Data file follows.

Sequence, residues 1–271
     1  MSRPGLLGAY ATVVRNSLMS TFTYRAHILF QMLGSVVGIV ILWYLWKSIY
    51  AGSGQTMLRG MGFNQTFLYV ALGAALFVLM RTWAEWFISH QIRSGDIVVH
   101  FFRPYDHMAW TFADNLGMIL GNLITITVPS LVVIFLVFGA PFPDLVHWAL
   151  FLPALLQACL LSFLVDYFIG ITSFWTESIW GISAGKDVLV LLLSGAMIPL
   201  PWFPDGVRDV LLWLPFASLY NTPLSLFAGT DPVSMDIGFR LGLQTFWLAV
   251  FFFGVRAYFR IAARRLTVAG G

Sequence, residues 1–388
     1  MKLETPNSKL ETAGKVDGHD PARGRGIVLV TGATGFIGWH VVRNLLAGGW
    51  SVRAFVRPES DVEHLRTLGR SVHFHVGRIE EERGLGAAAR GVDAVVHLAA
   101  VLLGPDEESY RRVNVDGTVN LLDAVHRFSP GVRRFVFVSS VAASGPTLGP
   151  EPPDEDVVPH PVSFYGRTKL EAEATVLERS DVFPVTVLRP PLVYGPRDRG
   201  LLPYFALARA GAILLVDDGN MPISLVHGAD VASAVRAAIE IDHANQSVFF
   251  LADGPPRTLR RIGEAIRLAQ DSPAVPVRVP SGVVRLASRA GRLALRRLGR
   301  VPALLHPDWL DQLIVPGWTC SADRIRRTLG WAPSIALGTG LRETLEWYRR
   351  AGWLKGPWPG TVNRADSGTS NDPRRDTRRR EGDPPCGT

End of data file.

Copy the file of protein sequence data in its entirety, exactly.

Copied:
Sequence, residues 1–271
     1  MSRPGLLGAY ATVVRNSLMS TFTYRAHILF QMLGSVVGIV ILWYLWKSIY
    51  AGSGQTMLRG MGFNQTFLYV ALGAALFVLM RTWAEWFISH QIRSGDIVVH
   101  FFRPYDHMAW TFADNLGMIL GNLITITVPS LVVIFLVFGA PFPDLVHWAL
   151  FLPALLQACL LSFLVDYFIG ITSFWTESIW GISAGKDVLV LLLSGAMIPL
   201  PWFPDGVRDV LLWLPFASLY NTPLSLFAGT DPVSMDIGFR LGLQTFWLAV
   251  FFFGVRAYFR IAARRLTVAG G

Sequence, residues 1–388
     1  MKLETPNSKL ETAGKVDGHD PARGRGIVLV TGATGFIGWH VVRNLLAGGW
    51  SVRAFVRPES DVEHLRTLGR SVHFHVGRIE EERGLGAAAR GVDAVVHLAA
   101  VLLGPDEESY RRVNVDGTVN LLDAVHRFSP GVRRFVFVSS VAASGPTLGP
   151  EPPDEDVVPH PVSFYGRTKL EAEATVLERS DVFPVTVLRP PLVYGPRDRG
   201  LLPYFALARA GAILLVDDGN MPISLVHGAD VASAVRAAIE IDHANQSVFF
   251  LADGPPRTLR RIGEAIRLAQ DSPAVPVRVP SGVVRLASRA GRLALRRLGR
   301  VPALLHPDWL DQLIVPGWTC SADRIRRTLG WAPSIALGTG LRETLEWYRR
   351  AGWLKGPWPG TVNRADSGTS NDPRRDTRRR EGDPPCGT